‘Betty Blue Eyes’
Produced by Cameron Mackintosh
Directed by Richard Eyre
Book by Ron Cowen and Daniel Lipman
Music by George Stiles
Lyrics by Anthony Drewe
Novello Theatre, London, from March 2011
“Betty Blue Eyes” is the type of show the British might refer to as “a good wheeze.” Based on the minor cult classic film “A Private Function” (1984) co-written by Alan Bennett and director Malcolm Mobray, it is gentle but pointed, sober but silly, and squeaky clean but with a kinky undercurrent. Converted to a West End musical at the behest of Cameron Mackintosh with music by George Stiles, lyrics by Anthony Drewe and a book by Ron Cowen and Daniel Lipman, it aims not for the bombast of a new blockbuster, but rather for the cheeky charms of classic British music hall. It dares you to dislike it, throwing everything into its carefully manufactured impression of smallness from dancing Bobbies to an animatronic pig voiced by Kylie Minogue (it has one line: sung at the end, so don’t be impatient waiting for it).
The story takes place in post-World War II Britain in a paradoxical moment of austerity and celebration. As ordinary Yorkshire folk cue at the butcher’s with their all-important ration coupons, the town leaders plan a secret, exclusive feast to mark the marriage of Princess Elizabeth, soon to be Queen Elizabeth II. Not invited to the occasion are mild-mannered chiropodist Gilbert Chilvers and his socially ambitious wife, Joyce. Gilbert’s very existence is an offense in the eyes of Town Council leader Dr. James Swaby, whose provocations include blocking Gilbert from having a surgery on the town’s main street. Eventually, Gilbert snaps in the face of this kind of repression, and having learned of the existence of the pig the Town Council has been illegally keeping to serve at the feast, he steals it and keeps it in his home, with typically chaotic results.
Though the broad echoes of the now are there (economic deprivation, social inequality, a royal wedding), this show, like the film before it, harks back to a previous age with no small measure of nostalgia. Even the screwball comedy feels like homage, though the script is not entirely without satire and irony. There are some marvelxously grotesque elements to it, including the recurring motif of butchery and slaughter (in one scene misunderstood as applying to a human), and a standout musical number revealing the secret passions of Inspector Wormold, whose day job is to clamp down on illegal meat trading.
Mobray and Bennett both included quasi-autobiographical elements in their original tale, which otherwise has the feel of something that emerged fully formed from the social imagination of Britain’s past. On this level, the show may seem contrived or constructed entirely from clichés, but actually there are referents to the real in there that give the action a frisson of truth. In essence though, this is a show that invites audiences to enjoy themselves, and the jaunty score and witty lyrics only occasionally invite you to probe a little more deeply.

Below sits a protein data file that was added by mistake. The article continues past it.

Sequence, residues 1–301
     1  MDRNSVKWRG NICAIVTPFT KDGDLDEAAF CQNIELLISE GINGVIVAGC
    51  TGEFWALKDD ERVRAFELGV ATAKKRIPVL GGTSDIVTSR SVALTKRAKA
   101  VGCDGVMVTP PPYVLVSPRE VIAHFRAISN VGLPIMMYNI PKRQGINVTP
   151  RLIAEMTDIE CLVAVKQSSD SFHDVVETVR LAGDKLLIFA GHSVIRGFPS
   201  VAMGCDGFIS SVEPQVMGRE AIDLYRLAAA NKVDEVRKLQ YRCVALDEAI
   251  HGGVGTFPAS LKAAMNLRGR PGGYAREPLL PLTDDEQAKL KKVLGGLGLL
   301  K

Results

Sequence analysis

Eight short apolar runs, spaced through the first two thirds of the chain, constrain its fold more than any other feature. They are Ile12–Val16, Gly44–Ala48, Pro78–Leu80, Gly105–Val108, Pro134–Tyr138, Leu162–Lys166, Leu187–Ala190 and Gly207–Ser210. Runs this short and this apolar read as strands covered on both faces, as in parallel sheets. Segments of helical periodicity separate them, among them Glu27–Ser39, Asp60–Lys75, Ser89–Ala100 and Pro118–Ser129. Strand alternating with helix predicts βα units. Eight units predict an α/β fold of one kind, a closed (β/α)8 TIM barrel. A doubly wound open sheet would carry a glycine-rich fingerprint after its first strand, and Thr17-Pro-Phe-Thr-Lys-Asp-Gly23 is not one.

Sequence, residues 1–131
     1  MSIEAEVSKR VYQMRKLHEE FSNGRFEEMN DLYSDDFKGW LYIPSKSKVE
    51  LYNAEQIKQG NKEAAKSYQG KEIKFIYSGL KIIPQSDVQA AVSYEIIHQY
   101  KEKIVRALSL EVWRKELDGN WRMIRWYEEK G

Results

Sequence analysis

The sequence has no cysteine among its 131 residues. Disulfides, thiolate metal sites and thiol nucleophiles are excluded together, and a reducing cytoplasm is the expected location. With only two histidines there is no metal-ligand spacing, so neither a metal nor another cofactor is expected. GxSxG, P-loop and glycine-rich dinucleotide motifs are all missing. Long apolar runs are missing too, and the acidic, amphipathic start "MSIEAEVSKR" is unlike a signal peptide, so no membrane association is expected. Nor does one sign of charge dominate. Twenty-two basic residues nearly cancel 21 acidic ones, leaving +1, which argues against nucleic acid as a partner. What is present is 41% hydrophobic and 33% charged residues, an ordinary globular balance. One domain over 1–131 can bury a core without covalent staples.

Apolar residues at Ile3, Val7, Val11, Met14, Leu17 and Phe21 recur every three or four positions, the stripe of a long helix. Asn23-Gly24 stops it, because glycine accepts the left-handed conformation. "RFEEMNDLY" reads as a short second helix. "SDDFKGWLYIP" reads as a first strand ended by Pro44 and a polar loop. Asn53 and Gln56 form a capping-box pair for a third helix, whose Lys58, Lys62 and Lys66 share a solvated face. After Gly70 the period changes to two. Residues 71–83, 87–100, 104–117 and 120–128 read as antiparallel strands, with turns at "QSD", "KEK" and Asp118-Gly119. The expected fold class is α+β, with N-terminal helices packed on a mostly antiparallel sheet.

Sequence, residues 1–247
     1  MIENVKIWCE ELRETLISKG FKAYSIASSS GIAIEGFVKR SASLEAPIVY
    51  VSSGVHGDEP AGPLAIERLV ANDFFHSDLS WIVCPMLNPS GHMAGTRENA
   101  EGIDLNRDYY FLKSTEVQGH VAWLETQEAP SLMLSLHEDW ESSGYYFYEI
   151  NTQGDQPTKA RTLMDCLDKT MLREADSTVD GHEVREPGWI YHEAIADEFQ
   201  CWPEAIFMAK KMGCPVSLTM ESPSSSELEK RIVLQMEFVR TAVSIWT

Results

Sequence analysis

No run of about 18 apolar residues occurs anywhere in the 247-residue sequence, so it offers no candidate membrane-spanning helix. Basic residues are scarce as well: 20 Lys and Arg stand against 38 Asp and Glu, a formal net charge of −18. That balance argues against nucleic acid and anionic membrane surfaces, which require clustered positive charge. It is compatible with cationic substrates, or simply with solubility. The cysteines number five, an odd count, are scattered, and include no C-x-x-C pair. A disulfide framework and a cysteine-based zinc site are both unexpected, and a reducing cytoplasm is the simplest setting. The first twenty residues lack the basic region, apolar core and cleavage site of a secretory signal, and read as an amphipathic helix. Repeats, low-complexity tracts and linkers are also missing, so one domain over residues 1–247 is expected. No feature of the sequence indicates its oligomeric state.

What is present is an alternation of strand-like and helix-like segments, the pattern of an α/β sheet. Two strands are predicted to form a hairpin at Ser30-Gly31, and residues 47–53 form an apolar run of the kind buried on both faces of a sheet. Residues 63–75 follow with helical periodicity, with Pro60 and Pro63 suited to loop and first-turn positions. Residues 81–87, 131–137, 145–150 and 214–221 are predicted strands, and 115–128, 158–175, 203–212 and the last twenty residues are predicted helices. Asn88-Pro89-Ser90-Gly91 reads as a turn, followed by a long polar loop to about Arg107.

The originating cast includes TV stars Sarah Lancashire (Joyce) and Reece Shearsmith (Gilbert), both capably holding their place in the leads. Lancashire doesn’t quite escape the sense that she is doing a version of what Maggie Smith did in the film, even if she’s quite good at it, but Shearsmith makes Gilbert entirely his own. His reactions during the hummable title song (sung by animal-loving town counselor Henry Allardyce [Jack Edwards] about the pig, for whom he has developed some affection) are charmingly uncondescending. He first registers confusion and disbelief, conveyed to the audience via sidelong glances as a grown man sings about his beautiful pig, but then joins in and brings us with him, celebrating the fun of it all above any unsavory or unduly ridiculous connotations that the whole thing might have. Sing along and you, too, are singing about a charming pig, after all.
Of the other cast Adrian Scarborough gets to steal the show most completely in the marvelous “Painting by Heart,” and throughout manages to attain the balance of menace and comical force necessary to make the character work at all. David Bamber is a venomous Dr. Swaby and Ann Emery a cheerfully mercenary Mother Dear, and the entire backing cast performing multiple roles bring due energy and happy smiles to everything they do.
There is no question that this show demands a certain level of indulgence, and it doesn’t really command it by dint of its inherent structures or musical pleasures. But it is well executed, well performed, and definitely well intentioned to provide entertainment of a kind not unfairly expected on a visit to the West End. Whether it would carry across to Broadway is another question entirely.